A banking giant is squaring off against one of the US’s biggest phone companies over the right to say “thank you” to its customers after some idiot in the US Patent Office awarded one of them a trademark on the phrase.
Citigroup has a trademark on “THANKYOU” and is currently using it to sue AT&T for using “Thanks”.
Apparently, Citigroup’s lawyers think that customers will be confused by AT&T’s use of the phrase and try to buy banking services from the phone company. This is “unlawful conduct” amounting to wanton trademark infringement, Citigroup claims in its federal lawsuit.
For a while now Citigroup has been quietly buying trademarks based on the word THANKYOU. These include CITI THANKYOU, CITIBUSINESS THANKYOU. THANKYOU FROM CITI, and THANKYOU YOUR WAY. It has been running a variety of customer loyalty, reward, incentive, and redemption programs (collectively, the “THANKYOU Marks”).
It said that Citigroup’s THANKYOU Marks are widely recognized by the general consuming public as a designation of source for Citigroup’s high quality financial services and customer loyalty, reward, incentive, and redemption programmes.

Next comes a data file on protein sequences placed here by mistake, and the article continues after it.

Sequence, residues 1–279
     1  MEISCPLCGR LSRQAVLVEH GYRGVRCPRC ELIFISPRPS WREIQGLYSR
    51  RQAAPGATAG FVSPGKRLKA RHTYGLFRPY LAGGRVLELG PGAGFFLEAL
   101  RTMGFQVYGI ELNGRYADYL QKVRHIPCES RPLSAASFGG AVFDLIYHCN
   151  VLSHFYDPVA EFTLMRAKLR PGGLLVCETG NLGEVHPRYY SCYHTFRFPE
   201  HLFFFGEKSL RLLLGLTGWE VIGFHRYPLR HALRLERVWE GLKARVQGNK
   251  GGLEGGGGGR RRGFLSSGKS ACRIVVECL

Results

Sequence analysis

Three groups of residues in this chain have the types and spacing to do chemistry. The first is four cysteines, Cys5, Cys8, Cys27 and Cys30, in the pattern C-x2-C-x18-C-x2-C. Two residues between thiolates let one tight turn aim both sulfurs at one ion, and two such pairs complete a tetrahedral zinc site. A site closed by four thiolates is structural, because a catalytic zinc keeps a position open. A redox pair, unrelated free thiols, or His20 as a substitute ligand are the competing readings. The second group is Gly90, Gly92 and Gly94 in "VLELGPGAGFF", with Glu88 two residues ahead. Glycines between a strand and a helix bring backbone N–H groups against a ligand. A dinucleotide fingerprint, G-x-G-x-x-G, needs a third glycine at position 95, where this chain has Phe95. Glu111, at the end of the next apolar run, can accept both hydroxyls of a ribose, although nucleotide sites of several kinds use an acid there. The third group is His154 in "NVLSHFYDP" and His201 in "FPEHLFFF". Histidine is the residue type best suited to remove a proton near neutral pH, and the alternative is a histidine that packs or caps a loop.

So if people are saying “Thank you” they are really talking about Citigroup loyalty rewards because the outfit has spent so much marketing the words. Who would have thunk it?
According to the filing:
“AT&T co-branded credit cards, and Citigroup’s concerns regarding AT&T’s proposed trademarks, AT&T launched a customer loyalty program under the trademarks “thanks” and “AT&T thanks” on or about June 2, 2016. 4. AT&T’s use of the “thanks” and “AT&T thanks” trademarks is likely to cause consumer confusion and constitutes trademark infringement, false designation of origin, and unfair competition in violation of Citigroup’s rights. 5. Citigroup therefore seeks to enjoin AT&T’s infringing conduct and to recover damages based on the injury AT&T’s conduct has caused to Citigroup as well as AT&T’s unjust enrichment.”
All thanks to some idiot in the USPO, someone should send him or her a Thank you card and sit back and watch as the Citigroup’s lawyers feed.